For the past six decades the U.S. military has enjoyed preeminence in the Western Pacific, but there are increasing questions about whether this advantageous position is sustainable given a combination of budget cuts, asymmetrical military threats, and local opposition to bases. The bottom line is that the United States can and must retain a robust military presence in the region, taking advantage of new partnerships, technologies, and operational concepts—while recognizing that many of the challenges we face are not entirely new. Inertia and incrementalism will not work, however. The United States will need to develop a holistic strategy that builds on all the instruments of national power as we rebalance toward Asia.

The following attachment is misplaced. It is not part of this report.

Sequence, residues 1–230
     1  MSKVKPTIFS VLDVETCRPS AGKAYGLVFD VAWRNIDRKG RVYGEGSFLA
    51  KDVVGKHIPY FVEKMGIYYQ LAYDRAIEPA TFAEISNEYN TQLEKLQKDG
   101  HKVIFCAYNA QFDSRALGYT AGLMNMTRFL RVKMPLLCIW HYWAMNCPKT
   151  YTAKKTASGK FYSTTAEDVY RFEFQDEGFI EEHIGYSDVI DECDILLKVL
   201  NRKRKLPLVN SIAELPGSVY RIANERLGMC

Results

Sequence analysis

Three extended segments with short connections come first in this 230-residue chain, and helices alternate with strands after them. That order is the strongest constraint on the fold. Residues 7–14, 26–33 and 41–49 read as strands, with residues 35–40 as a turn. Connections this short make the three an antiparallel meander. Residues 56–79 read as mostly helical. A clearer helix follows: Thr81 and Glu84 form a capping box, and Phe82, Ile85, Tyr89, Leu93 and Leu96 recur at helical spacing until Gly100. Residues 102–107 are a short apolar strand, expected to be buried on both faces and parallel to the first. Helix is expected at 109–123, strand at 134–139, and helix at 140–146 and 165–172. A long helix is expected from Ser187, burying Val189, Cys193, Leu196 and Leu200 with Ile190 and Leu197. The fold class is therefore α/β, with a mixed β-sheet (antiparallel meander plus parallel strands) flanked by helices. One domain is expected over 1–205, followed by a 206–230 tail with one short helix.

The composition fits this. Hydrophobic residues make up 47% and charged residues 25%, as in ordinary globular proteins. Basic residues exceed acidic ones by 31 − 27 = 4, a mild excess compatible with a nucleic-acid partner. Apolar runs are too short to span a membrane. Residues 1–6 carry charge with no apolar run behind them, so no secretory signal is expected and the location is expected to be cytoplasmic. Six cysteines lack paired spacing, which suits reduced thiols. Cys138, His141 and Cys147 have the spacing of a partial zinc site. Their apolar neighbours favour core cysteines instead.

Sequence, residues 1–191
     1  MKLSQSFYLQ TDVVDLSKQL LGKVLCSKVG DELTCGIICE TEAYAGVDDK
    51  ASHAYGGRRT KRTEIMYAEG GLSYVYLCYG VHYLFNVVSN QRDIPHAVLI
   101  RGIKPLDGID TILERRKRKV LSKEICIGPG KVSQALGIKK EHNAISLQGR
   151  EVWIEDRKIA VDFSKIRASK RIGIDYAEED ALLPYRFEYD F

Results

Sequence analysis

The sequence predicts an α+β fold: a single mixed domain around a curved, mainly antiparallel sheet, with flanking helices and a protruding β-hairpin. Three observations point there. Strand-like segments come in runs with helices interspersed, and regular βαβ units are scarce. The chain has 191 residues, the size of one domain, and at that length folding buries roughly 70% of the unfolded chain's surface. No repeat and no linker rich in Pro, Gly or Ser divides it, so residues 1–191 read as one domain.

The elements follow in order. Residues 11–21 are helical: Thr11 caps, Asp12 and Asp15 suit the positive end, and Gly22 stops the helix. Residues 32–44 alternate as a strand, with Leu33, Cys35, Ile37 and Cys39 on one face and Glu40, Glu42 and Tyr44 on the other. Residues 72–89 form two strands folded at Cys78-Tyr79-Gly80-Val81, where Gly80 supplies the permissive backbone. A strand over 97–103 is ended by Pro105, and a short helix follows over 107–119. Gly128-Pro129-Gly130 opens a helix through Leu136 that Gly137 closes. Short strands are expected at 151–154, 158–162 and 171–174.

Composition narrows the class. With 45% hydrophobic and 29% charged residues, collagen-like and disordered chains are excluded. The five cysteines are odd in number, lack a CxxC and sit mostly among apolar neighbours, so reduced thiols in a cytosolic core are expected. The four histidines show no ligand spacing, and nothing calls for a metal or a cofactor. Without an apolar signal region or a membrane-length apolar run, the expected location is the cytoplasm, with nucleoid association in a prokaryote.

U.S. Pacific Command (PACOM) faces a fundamental budget challenge: even with an administration pledge to hold U.S. capabilities steady in Asia while cutting force structure elsewhere, $487 billion in planned cuts means hollowing out other commands’ assets in ways that will ultimately force cannibalizing of PACOM assets when crises hit the Middle East or elsewhere. Moreover, upgrading, consolidating, and dispersing U.S. bases and facilities in the PACOM area of responsibility will cost money–even if the result is a smaller footprint. Any serious strategy for sustaining a presence will have to take this into consideration.